TWI helping UK businesses to ‘Access India’


There is no denying that India is an important and growing market for UK business, which is currently second only to Japan as a global investor there. With an annual growth that is outpacing that of China at over 7% and well over a billion consumers, India is a market rich with opportunity, not to mention skills, innovation, and a very large employable workforce. The newly-launched Access India initiative has been designed to offer confidence to 50 UK SMEs to take the opportunity to expand into India.

Beating the ‘Brexit blues’

With concerns over how Brexit will impact UK business, India could be a strong solution, as mentioned by Rhydian Pountney, General Manager at Renishaw Plc, which has a manufacturing base in Pune, ‘If you are an SME and you want to beat the Brexit blues, India should be one of the first countries you look at,’ he said.

In fact, the figures show that only 20% of UK SMEs currently have any international exposure, of which just 10% are exporters. Interestingly, only 5% of UK SMEs have direct business exposure to European countries.

Access India hopes to increase the number of SMEs operating in India by removing the risks, as High Commissioner of India to the UK, YK Sinha, explained, ‘SMEs need hand-holding. They are not geared up to going into international markets. India was the largest recipient of FDI last year and we are very keen to increase that amount and involve the UK SME sector. The Access to India programme will help encourage manufacturing in India via the UK smaller companies, especially those providing high end technology and innovation where the UK is strong.’

Opening up opportunity in India

Access India was launched by the High Commission of India in the UK, alongside the UK India Business Council, at India House, London, on 27 September, where Shiva Sundaram and Chris Wiseman represented TWI.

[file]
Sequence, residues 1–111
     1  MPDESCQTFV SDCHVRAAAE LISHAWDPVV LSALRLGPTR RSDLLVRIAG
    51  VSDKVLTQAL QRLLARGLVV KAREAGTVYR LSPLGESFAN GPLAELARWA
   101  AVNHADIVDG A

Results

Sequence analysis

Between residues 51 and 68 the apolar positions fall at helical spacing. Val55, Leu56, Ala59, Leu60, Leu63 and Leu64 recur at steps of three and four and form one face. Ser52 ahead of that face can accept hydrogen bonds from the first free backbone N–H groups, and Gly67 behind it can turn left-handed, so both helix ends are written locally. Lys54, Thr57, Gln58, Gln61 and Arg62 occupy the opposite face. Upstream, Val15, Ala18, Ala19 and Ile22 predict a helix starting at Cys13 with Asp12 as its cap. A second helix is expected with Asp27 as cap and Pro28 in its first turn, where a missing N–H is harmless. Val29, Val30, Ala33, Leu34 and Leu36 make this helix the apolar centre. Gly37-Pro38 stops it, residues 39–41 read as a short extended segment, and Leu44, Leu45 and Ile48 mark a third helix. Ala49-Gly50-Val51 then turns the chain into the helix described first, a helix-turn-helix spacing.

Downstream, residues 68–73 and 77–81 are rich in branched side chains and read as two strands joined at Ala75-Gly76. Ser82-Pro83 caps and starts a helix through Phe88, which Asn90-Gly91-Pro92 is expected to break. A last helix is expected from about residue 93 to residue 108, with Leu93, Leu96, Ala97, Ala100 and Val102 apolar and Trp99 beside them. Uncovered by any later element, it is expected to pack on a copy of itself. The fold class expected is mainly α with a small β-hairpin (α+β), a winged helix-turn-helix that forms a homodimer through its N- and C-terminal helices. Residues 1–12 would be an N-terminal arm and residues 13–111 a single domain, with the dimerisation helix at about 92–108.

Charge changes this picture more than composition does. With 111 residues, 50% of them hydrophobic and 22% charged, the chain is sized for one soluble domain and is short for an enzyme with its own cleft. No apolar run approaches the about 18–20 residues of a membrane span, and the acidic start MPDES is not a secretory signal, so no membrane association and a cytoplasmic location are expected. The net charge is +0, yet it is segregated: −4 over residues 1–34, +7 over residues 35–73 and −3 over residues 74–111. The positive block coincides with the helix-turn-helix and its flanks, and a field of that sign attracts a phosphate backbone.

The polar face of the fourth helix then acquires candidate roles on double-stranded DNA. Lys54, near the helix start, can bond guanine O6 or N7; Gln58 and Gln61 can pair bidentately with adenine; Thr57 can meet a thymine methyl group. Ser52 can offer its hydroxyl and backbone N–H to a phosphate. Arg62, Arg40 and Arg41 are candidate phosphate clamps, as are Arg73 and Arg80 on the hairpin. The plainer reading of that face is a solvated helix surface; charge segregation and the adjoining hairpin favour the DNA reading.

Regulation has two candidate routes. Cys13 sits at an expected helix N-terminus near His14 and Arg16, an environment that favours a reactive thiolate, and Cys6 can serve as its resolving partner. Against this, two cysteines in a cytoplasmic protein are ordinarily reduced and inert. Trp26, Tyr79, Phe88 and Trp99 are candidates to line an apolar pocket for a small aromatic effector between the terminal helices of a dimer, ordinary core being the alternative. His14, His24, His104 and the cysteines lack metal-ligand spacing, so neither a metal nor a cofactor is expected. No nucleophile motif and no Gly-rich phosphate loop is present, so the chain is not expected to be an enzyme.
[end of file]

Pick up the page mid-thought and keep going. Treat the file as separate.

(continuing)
Speaking at the launch, Vivek Abraham, the Assistant Vice President of Invest India said, ‘Earlier, the mindset of the Government was all about being the regulator – “these are the rules and constraints and this is the framework the investor must operate in.” Now we are trying to change the mindset to ensure that the red carpet is rolled out to all investors.’

‘Rolling out the red carpet’ to UK investors means providing advice to UK SMEs who wish to export to or invest in India. This includes legal and project financing advice as well as help with strategy, location services, mergers, acquisitions, and government clearance. As a partner in the initiative, TWI will assist with technology transfer for any of the 50 SMEs and / or their Indian partners who need assistance. The support and assistance will be free for those SMEs, who are identified by November this year, with mentoring to be provided into 2018.

Speaking at the Access India launch, Dinesh K. Patnaik, Deputy High Commissioner of India to the UK, told business leaders, ‘We want to move from the UK having a slow burning love affair with India to speed-dating, by speeding up the processes and help for UK SMEs to find the right way to reach India.’

Moving to manufacture?

Deputy High Commissioner Dinesh K. Patnaik confirmed that UK SMEs did not need to have a specific turnover in order to invest in India, but rather that they just need to have a product which they are willing to sell to India.

He also noted how large UK and international enterprises, already in India, can act as a magnet for UK supply chains who may go on to move their manufacturing to India too. ‘If they have a product we need, it is good for us,’ Patnaik said, adding, ‘Once they have accessed India they might find it attractive to make in India too, for local markets, and to the rest of Asia for whom India is becoming a natural manufacturing hub ’

TWI is also being asked to share experience in developing collaborative clusters of businesses, initially operating in the aerospace and automotive industries.

Patnaik, who will be visiting TWI on 17 October, explained how the Access India team would use analytics to assess if a product would be successful in India, noting, ‘Every product made in the UK has the potential to do well in India because the Indian market is huge.’

For more information you can visit the UK India Business Council website or Contact Us.

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